US government to end formal relationship with ICANN

The NTIA plans to let its domain-name contract with ICANN expire in late 2015, its administrator says

The U.S. National Telecommunications and Information Administration will end its formal relationship with the Internet Corporation for Assigned Names and Numbers in late 2015, with ICANN developing a new global governance model, the agency said Friday.

The NTIA plans to let its contract with ICANN to operate key domain-name functions expire in September 2015, while requiring the organization to develop a new global Internet governance model, NTIA administrator Lawrence Strickling said during a press conference.

ICANN has faced growing criticism in recent years about the influence of the U.S. government on its operations, but Strickling and ICANN CEO and President Fadi Chehadé said the decision to end the formal relationship was driven instead by a longtime understanding that the partnership would be temporary. ICANN's contract with the NTIA to operate the Internet Assigned Numbers Authority (IANA) functions dates back to 1999.

As a condition of the change, the transition away from the NTIA contract "must have broad community support" from Internet users, governments and companies, Strickling said. The new governance model must "maintain the security, stability and resiliency of the Internet Domain Name System," he added.

The new governance model must also maintain the openness of the Internet, Strickling said. The NTIA will not support a governance model that puts control in the hands of governments only, he added. "I want to make clear that we will not accept a proposal that replaces the NTIA role with a government-led or intergovernmental solution," he said.

The global Internet community will be included "in full" in the transition process, Chehadé said. He encouraged civil society, Internet groups and other organizations to be involved in the transition and in the new governance model. Debate on the transition will begin during ICANN's meeting in Singapore March 23 to 27, he said.

U.S. trade group NetChoice questioned the decision. The announcement comes after a series of revelations about U.S. National Security Agency surveillance programs across the Internet, coming from leaks by former NSA contractor Edward Snowden.

"I hope it's not just a frightened reaction to the Snowden revelations, which have nothing to do with the Internet Domain Name System," NetChoice executive director Steve DelBianco said by email. "Maybe the administration wants to rack up political points for upcoming [Internet governance] meetings. I'm afraid those points won't be worth what this move may cost."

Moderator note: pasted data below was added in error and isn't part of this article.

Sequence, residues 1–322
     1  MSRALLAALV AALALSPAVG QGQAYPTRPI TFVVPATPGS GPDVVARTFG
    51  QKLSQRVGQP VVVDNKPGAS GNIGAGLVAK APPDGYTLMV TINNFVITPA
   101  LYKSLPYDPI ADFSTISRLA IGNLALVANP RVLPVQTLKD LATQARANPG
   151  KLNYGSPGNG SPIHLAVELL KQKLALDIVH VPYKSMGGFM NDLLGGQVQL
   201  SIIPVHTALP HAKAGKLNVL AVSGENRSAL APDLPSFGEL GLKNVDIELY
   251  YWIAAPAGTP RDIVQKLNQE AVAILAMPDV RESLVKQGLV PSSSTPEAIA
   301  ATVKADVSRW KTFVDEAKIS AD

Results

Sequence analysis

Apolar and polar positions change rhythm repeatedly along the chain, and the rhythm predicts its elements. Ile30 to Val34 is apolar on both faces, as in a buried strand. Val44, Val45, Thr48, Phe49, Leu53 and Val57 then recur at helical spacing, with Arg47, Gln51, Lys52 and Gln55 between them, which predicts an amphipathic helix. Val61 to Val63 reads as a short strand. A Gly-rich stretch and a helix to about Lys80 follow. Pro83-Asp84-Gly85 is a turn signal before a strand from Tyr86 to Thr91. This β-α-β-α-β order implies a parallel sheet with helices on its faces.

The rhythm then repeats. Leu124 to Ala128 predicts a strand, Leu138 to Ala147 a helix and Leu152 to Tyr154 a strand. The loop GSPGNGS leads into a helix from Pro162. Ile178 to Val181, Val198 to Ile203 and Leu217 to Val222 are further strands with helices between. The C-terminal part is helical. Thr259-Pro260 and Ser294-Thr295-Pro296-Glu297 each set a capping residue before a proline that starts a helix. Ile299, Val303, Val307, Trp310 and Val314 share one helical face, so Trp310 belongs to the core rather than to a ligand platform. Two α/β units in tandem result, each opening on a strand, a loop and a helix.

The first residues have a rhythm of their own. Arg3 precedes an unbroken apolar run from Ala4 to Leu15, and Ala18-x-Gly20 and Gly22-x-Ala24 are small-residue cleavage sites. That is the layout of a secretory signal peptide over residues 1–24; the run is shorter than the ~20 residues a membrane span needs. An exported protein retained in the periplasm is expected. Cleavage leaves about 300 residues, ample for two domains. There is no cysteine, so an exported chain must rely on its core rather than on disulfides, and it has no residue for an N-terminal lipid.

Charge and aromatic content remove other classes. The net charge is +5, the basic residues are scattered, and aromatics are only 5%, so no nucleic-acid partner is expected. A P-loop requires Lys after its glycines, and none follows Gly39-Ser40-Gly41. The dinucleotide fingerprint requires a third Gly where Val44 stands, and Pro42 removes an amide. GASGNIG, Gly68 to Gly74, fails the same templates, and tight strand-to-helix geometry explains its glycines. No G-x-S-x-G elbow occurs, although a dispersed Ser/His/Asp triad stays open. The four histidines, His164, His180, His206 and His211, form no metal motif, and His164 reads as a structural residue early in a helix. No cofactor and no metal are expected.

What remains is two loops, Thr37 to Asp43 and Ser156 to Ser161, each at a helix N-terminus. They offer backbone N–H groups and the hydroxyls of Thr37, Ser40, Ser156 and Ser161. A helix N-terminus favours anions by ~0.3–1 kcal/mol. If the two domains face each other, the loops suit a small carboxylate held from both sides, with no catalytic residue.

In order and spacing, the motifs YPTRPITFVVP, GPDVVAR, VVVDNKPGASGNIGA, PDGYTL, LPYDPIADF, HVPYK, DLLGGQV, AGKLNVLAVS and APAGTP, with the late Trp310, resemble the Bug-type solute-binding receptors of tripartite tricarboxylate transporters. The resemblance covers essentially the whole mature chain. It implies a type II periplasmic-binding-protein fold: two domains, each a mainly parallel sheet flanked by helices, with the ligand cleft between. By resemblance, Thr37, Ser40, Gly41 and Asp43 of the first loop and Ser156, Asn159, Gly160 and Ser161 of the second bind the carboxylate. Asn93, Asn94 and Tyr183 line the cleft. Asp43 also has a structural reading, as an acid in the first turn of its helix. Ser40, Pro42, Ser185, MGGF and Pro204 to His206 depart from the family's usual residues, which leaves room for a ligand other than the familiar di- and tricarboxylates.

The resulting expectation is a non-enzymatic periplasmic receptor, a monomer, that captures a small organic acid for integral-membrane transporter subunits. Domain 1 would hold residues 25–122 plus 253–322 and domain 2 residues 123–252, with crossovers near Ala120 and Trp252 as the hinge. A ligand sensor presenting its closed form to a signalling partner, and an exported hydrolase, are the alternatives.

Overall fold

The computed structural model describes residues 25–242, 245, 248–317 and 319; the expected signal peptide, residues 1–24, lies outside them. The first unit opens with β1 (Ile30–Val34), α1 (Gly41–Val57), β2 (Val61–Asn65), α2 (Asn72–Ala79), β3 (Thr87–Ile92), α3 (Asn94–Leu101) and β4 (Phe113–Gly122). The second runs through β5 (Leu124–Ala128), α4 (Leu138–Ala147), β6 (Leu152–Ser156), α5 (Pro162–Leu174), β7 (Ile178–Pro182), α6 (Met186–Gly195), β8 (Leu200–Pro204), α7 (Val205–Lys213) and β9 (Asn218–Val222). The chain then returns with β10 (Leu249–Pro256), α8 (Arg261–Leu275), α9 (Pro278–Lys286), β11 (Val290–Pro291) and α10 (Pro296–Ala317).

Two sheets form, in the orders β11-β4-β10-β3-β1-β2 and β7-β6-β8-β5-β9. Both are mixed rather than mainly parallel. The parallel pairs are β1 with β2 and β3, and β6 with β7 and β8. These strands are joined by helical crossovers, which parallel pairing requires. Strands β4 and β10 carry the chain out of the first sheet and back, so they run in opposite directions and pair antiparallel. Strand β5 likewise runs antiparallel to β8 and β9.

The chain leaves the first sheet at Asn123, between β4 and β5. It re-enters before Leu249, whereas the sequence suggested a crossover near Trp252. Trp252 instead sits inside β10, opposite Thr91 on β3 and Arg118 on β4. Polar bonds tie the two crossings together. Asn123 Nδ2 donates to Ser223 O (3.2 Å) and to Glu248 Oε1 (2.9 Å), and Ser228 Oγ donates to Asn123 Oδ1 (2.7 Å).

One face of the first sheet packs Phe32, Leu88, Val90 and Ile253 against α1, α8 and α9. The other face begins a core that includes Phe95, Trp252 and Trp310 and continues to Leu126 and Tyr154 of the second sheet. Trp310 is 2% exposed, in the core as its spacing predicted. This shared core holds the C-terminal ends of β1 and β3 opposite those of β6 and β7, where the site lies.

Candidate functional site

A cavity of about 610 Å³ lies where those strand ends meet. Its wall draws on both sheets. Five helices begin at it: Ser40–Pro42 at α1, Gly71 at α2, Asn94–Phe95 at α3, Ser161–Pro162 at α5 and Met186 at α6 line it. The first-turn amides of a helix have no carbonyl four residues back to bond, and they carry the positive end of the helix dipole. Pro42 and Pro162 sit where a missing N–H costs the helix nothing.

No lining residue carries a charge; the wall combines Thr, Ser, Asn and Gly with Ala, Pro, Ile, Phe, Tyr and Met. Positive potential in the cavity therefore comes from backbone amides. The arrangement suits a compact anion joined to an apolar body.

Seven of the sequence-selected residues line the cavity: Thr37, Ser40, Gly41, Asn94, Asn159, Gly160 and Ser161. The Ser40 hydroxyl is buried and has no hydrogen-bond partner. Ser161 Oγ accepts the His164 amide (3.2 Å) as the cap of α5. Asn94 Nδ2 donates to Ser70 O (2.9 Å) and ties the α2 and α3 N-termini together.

The end of the contract means the NTIA will not be able to continue to push ICANN to improve its services, as it has in recent years, DelBianco said. In addition, ICANN could now "escape its legal presence in the US, despite having many contracts that are adjudicated under U.S. law," he said.

Grant Gross covers technology and telecom policy in the U.S. government for The IDG News Service. Follow Grant on Twitter at GrantGross. Grant's email address is grant_gross@idg.com.

Tags Internet Corporation for Assigned Names and NumbersSteve DelBiancoU.S. National Telecommunications and Information AdministrationFadi ChehadéNetChoiceLawrence Stricklinginternetgovernment

Keep up with the latest tech news, reviews and previews by subscribing to the Good Gear Guide newsletter.

Grant Gross

IDG News Service

Comments

Comments are now closed.

Latest News Articles

Most Popular Articles

Follow Us

GGG Evaluation Team

Kathy Cassidy

STYLISTIC Q702

First impression on unpacking the Q702 test unit was the solid feel and clean, minimalist styling.

Anthony Grifoni

STYLISTIC Q572

For work use, Microsoft Word and Excel programs pre-installed on the device are adequate for preparing short documents.

Steph Mundell

LIFEBOOK UH574

The Fujitsu LifeBook UH574 allowed for great mobility without being obnoxiously heavy or clunky. Its twelve hours of battery life did not disappoint.

Andrew Mitsi

STYLISTIC Q702

The screen was particularly good. It is bright and visible from most angles, however heat is an issue, particularly around the Windows button on the front, and on the back where the battery housing is located.

Simon Harriott

STYLISTIC Q702

My first impression after unboxing the Q702 is that it is a nice looking unit. Styling is somewhat minimalist but very effective. The tablet part, once detached, has a nice weight, and no buttons or switches are located in awkward or intrusive positions.

Resources

Best Deals on GoodGearGuide

Latest Jobs

Don’t have an account? Sign up here

Don't have an account? Sign up now

Forgot password?